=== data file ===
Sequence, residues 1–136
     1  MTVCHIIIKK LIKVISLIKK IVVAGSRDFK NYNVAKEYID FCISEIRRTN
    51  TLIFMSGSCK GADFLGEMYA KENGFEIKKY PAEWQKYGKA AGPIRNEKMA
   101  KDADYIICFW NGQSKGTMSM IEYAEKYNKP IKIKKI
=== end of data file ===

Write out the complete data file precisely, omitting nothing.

Sequence, residues 1–136
     1  MTVCHIIIKK LIKVISLIKK IVVAGSRDFK NYNVAKEYID FCISEIRRTN
    51  TLIFMSGSCK GADFLGEMYA KENGFEIKKY PAEWQKYGKA AGPIRNEKMA
   101  KDADYIICFW NGQSKGTMSM IEYAEKYNKP IKIKKI